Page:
English Formation Evolution?

Brazil number 10

Is the English game finally a place where playmakers can thrive?

Football is an evolving sport. To be successful in it, you must embrace change and where possible be ahead of the curve. With the exception of players, the thing that changes most often is formations and tactics.

The 1930s gung-ho approach of teams with minimal defenders evolved into a more balanced 3-4-3 of the 1960s, then onto the classic 1980s 4-4-2. Now with the level of money involved in the sport it is even more imperative that teams succeed, which has led to the most common formation in top flight football – the 4-2-3-1.

With more managers adopting a philosophy that controlling the ball and keeping it away from the opposition could mean (when implemented properly) more success and a unique opportunity in the game for the return of the classic number 10.

In the 1980s and 1990s English football was hell on Earth for a number 10. Unless your team was prepared to drop a striker, or play a diamond formation, a number 10 was forced to play out of position. One prime example was the criminal misuse of Matthew Le Tissier on the rare occasion he was selected for England. I remember one game when he was shunted out to the left wing and predictably substituted early in the second-half when he was unable to affect proceedings.

Fast forward to the modern Premiership and it’s a paradise for any mercurial playmaker. With the odd exception, every team in the upper echelons of the league play with a 4-2-3-1. Oscar at Chelsea, David Silva at Manchester City, Ross Barkley at Everton, Juan Mata at Manchester United and Mesut Ozil at Arsenal. That’s some wealth of talent that is allowed to flourish in the hole behind the main striker.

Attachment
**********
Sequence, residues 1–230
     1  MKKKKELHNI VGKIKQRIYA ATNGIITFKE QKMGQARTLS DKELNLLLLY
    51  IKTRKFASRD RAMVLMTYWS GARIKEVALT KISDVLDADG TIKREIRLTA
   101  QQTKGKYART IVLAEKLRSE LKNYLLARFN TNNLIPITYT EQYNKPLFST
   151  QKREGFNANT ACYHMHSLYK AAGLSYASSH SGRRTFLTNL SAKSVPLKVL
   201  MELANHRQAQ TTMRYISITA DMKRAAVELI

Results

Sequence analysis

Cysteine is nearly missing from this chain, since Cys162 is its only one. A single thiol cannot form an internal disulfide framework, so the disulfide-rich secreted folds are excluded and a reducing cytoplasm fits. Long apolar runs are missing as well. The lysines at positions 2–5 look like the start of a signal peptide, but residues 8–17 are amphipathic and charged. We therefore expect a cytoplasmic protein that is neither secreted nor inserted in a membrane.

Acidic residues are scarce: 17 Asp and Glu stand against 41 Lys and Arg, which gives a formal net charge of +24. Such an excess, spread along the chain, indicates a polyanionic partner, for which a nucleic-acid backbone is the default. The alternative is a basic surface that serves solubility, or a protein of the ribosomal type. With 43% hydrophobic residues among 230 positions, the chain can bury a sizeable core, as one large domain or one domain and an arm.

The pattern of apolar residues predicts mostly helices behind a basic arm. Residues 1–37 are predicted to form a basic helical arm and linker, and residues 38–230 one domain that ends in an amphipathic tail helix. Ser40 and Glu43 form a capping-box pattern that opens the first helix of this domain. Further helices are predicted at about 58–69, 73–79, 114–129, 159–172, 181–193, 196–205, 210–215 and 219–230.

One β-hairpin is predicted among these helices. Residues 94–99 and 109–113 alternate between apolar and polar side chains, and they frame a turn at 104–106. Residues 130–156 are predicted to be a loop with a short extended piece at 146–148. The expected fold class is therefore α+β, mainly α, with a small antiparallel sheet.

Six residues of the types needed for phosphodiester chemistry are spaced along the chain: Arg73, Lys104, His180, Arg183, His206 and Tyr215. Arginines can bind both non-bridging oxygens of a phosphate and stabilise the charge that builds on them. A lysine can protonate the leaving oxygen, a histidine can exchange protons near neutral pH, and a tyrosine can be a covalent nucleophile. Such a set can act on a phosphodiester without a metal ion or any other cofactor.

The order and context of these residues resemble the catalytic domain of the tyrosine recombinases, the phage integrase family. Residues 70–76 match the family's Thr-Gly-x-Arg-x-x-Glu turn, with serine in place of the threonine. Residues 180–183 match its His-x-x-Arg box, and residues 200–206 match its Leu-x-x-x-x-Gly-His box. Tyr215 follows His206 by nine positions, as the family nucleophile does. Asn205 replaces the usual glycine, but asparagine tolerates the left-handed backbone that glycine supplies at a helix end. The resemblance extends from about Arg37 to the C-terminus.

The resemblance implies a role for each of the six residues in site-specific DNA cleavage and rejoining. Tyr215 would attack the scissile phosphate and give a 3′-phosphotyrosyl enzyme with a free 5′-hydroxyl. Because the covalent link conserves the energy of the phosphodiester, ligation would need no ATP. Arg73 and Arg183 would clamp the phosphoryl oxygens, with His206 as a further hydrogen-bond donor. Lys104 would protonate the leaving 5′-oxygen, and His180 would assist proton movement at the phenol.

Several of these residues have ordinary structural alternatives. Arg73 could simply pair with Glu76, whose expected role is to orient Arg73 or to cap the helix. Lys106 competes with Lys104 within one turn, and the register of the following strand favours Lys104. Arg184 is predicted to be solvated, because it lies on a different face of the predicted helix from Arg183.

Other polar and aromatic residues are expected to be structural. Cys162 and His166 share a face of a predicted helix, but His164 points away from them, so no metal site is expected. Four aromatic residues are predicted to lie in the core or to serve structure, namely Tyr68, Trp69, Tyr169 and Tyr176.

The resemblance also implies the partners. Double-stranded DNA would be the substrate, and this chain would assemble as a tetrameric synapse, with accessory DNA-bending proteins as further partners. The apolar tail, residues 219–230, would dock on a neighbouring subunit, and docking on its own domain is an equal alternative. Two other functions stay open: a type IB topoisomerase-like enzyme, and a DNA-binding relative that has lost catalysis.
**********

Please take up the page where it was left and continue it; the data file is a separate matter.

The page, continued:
While on paper the 4-2-3-1 looks negative, it is actually the exact opposite. The two holding midfielders bring a level of solidness to the formation that allows the three more attacking midfielders to do their thing. Two of those three are obviously wingers – be them inverted or orthodox – usually full of pace and skill. It’s the man in the middle of the three that is the key to unlock the defence. He has the time and the support to focus on his side’s attacking play; both controlling and dominating the assaults. With two holding midfielders freeing him of any responsibility to track back, one can only wonder how players like Riquelme and Baggio, etc. would have fared in the Premier League today.

For lovers of the beautiful game and the man in the hole, the next few years has the potential to be very exciting. While some, so called, smaller clubs will no doubt adapt the formation to suit their needs, others will follow the top clubs and attempt to go like for like.

During that time we could see the emergence of some truly exceptional talents, all with different skill sets. Some teams will prefer the master of the slide-rule pass whilst others will want a little box of tricks. Hopefully, if we are exceptionally luckily, we might see the materialisation of the complete package. Now wouldn’t that be something?

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